Also exploded is the myth of large numbers of heretics being burned at the stake. Yes, it happened, but in nowhere near the numbers that popular misconceptions might claim. Indeed, the more common practice was to burn the convicted in effigy, since the accused had fled sometimes years before the judgment, or they might have died in prison while waiting for the case to reach its conclusion. The intention is not to suggest that the inquisition’s methods were anything but brutal, but merely to point out that perceptions of how commonly they were applied are often false.
Henry Kamen skilfully describes how the focus of interest changed over the years. Initially the main targets were conversos, converts to Christianity, families that were once Jewish or Muslim who converted to Christianity during the decades that preceded the completion in 1492 of Ferdinand and Isabella’s reconquest. Protestants were targeted occasionally in the following centuries, but it was the families of former Jews that remained the prime target, sometimes being subjected to enquiry several generations after their adoption of their new faith. A focus on converts to Christianity gave rise to a distinction between Old and New Christianity, an adherent of the former being able to demonstrate no evidence of there having been other faiths in the family history.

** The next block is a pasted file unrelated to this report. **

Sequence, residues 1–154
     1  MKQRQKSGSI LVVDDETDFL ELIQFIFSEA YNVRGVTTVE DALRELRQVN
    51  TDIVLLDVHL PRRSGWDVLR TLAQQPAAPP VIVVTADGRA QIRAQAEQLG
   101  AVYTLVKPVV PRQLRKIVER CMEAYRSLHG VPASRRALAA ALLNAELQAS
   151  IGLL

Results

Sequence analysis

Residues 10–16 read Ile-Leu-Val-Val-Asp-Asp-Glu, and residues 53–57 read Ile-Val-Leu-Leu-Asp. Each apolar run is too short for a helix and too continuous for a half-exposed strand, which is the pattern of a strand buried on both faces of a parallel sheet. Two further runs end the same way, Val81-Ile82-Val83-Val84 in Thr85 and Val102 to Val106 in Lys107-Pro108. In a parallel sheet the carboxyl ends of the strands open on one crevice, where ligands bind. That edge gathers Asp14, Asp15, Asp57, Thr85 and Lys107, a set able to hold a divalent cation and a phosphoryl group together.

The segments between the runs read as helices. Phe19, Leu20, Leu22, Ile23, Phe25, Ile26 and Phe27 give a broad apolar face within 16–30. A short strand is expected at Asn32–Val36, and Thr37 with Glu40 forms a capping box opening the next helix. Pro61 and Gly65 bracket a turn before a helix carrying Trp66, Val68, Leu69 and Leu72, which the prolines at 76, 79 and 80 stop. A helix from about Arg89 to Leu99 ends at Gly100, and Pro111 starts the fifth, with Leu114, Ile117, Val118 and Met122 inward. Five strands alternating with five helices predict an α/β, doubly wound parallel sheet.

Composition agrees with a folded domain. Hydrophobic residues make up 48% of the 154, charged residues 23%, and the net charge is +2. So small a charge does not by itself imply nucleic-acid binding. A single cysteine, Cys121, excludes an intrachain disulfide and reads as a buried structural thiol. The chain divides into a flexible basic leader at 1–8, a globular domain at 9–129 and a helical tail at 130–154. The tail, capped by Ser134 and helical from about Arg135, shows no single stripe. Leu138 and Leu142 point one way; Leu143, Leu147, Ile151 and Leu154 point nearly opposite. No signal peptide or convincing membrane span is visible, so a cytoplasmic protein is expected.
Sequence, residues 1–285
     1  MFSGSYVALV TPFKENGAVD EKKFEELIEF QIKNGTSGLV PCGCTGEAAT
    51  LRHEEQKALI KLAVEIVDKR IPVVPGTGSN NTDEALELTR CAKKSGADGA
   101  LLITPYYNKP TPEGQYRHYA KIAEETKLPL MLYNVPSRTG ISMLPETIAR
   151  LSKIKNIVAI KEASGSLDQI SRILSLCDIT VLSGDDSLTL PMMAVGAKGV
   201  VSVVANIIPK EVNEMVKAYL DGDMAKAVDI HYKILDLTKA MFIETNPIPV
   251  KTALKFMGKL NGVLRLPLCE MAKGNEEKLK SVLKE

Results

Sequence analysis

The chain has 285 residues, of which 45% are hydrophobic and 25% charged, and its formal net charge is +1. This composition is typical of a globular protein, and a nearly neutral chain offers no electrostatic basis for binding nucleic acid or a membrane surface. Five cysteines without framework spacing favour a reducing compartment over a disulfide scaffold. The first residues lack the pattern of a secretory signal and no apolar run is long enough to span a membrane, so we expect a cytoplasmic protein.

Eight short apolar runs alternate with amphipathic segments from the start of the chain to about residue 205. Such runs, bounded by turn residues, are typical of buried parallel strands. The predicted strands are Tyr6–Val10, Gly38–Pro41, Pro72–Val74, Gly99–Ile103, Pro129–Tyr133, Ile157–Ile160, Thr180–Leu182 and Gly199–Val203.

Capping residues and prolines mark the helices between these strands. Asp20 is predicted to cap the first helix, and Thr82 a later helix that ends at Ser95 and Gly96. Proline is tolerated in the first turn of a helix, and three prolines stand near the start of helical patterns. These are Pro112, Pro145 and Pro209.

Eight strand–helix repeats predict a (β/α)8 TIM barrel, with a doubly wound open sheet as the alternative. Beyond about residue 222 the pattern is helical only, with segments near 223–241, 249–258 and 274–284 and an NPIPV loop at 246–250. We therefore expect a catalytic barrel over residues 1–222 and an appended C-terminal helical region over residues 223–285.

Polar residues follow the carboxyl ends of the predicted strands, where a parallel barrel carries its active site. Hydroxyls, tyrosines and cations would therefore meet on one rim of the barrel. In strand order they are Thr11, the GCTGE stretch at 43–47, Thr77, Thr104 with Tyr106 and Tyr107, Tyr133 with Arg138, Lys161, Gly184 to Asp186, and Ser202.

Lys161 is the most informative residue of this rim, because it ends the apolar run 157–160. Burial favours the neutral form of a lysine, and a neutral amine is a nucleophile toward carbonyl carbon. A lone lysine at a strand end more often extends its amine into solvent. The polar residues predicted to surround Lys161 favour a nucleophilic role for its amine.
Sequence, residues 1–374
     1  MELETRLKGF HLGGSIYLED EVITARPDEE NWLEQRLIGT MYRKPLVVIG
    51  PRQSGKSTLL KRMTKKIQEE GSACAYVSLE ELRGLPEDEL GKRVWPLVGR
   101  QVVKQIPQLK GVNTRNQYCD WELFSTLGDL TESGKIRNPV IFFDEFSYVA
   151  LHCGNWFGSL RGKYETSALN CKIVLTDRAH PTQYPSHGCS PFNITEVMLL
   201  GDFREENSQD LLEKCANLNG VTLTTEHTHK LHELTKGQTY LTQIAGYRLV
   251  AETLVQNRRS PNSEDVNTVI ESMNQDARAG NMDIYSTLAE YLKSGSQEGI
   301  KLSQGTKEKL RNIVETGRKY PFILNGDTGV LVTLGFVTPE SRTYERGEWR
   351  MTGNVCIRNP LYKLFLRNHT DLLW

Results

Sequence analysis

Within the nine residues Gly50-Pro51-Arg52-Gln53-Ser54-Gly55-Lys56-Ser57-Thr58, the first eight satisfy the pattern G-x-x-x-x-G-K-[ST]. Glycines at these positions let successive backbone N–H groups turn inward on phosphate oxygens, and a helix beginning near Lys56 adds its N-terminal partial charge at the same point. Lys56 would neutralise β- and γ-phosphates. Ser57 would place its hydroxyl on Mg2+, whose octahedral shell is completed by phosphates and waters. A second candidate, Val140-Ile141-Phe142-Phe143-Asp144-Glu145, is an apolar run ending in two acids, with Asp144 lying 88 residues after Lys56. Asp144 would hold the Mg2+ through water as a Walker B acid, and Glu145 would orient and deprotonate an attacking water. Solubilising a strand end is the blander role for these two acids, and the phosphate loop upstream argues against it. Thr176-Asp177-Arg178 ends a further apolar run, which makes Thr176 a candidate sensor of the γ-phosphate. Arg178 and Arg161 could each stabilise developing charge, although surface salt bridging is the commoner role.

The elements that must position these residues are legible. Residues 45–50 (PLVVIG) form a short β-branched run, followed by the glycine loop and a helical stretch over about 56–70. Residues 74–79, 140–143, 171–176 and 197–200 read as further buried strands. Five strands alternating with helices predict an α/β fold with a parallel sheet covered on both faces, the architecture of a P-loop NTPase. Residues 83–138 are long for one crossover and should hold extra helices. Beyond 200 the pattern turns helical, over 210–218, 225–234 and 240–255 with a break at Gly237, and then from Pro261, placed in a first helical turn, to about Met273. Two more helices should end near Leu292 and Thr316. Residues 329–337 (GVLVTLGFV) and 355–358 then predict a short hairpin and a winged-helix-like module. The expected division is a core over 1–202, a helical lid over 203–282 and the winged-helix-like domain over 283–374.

What consistently runs through arguments surrounding Old and New Christianity, a distinction that was also described as pure blood versus impure blood, is that at its heart this apparent assertion of religious conformity was no more than raw xenophobia and racism. Henry Kamen makes a lot of the contradiction here, since Spain at the time was the most “international” of nations, having already secured an extensive empire and sent educated and wealthy Spaniards overseas to administer it. In addition, of course, Spain was emerging from a long period when Muslims, Jews and Christians lived competitively, perhaps, but also peacefully under Moorish rule. It is worth reminding oneself regularly that the desire and requirement for religious conformity during the reconquest was imposed from above.
Completing Henry Kamen’s The Spanish Inquisition prompts the reader to reflect on which other major historical reputations might be based on reconstructed myth. One is also prompted to speculate on the future of an increasingly integrated Europe, a continent forcibly divided for half a century where xenophobia and religious intolerance might be closer to the surface than most of us would want to admit.